git is a fantastic choice for tracking the evolution of your code base and to collaborate efficiently with your peers. But what happens when the repository you want to track is really huge? In this post I'll try to give you some ideas and techniques to deal properly with the different categories of huge. Two categories of Big repositories If you think about it there are broadly two major reasons for repositories growing massive: They accumulate a very very long history (the project grows over

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Design Guidelines 1.4 Released

The Atlassian Design Guidelines (ADG) has an exciting new release. We've polished some old things, created some new things and have made the whole experience of using our guidelines even better. What's in the release? Forms The old forms page was heavily visited but not very helpful. We've overhauled the forms page making it more robust and easier to use. Included is a new way to validate forms and tooltip/help design that helps clean up our form layouts and allows users to focus on their

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I often get asked about how we use our own tools for software development here at Atlassian. Since it is fast becoming the norm to work as a distributed team at Atlassian, I thought I'd take a moment to share some of our experiences in working more efficiently across time zones and geographies. I'm highlighting FishEye and Crucible as we've spawned a new team in Gdansk over a year ago, so it's a good example of a distributed effort. 1. Release planning Planning begins when the Product Manager (PM)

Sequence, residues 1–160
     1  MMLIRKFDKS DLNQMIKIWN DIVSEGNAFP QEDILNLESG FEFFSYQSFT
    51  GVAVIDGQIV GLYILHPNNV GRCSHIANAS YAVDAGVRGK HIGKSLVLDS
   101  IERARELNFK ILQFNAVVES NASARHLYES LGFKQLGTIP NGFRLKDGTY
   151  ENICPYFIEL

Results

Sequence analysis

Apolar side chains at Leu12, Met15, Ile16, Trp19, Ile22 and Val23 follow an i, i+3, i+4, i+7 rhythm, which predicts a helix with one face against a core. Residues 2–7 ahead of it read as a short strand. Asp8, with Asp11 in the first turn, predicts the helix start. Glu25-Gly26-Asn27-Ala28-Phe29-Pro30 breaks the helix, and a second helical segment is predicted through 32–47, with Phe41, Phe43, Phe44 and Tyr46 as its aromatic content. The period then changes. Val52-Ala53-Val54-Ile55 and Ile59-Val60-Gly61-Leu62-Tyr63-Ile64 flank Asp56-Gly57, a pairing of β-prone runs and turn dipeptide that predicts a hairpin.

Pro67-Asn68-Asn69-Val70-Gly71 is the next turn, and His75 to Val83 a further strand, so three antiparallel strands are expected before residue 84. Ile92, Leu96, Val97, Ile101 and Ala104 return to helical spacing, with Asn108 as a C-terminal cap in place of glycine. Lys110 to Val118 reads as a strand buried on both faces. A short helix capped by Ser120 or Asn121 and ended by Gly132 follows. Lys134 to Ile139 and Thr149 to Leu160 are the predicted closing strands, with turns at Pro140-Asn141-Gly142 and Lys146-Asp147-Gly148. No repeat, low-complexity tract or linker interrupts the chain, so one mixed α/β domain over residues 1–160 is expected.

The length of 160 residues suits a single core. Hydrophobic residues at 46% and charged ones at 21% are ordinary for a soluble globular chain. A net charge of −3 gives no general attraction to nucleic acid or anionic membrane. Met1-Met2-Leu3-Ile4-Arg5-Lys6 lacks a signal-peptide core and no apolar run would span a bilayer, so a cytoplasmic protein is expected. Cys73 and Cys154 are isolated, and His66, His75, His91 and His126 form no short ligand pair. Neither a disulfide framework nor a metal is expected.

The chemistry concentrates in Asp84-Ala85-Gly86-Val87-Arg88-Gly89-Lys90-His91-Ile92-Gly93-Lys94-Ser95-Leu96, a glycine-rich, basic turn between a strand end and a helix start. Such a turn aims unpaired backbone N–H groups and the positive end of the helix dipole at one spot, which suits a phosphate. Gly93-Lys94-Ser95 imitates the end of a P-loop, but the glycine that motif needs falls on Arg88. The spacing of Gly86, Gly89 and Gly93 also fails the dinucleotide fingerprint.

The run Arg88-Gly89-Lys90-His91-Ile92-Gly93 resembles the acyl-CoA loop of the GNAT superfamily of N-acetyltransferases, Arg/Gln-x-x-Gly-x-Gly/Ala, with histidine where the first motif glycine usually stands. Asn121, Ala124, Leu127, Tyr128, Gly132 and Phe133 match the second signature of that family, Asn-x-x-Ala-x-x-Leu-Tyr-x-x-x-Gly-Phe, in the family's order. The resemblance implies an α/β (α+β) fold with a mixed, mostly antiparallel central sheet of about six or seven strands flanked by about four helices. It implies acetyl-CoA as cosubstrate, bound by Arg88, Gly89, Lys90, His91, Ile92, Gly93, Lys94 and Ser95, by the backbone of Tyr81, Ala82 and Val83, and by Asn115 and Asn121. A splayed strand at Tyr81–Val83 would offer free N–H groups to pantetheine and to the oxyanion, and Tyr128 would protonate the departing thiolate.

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In February, I had the pleasure of speaking with the London Atlassian User Group (AUG) about some of our experiences with continuous delivery and deployment at Atlassian. The slides for this are available online, but the talk generated a lot of discussion at the time and I'd like to recap some of it here. To give a bit of context, I work in the business platform team; we're responsible for developing the tools that allow the business to interact with the customer. In particular, we develop the

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Consider the following questions: How do you handle project dependencies with git? Our project is made up of multiple inter-dependent repositories. Currently we manage those with svn:externals. What's the best way to handle those with git? How do you split a very big repository in smaller components using git? These are some examples of the most asked questions we got at the European leg of our recent Getting Git Right tour. The topic appears to be a big pain point for many software

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How do you divide a Git repo without squashing the history and breaking the original repo? I'll show you how to do it with as little pain as possible, by splitting the main repository, thus making your team and Git happy at the same time! Here at the Hosted Operations team, we have many small repositories, and sometimes they just contain single scripts. This approach eventually produced some duplicated code and effort, leading to considerable maintenance issues. What we decided then, was

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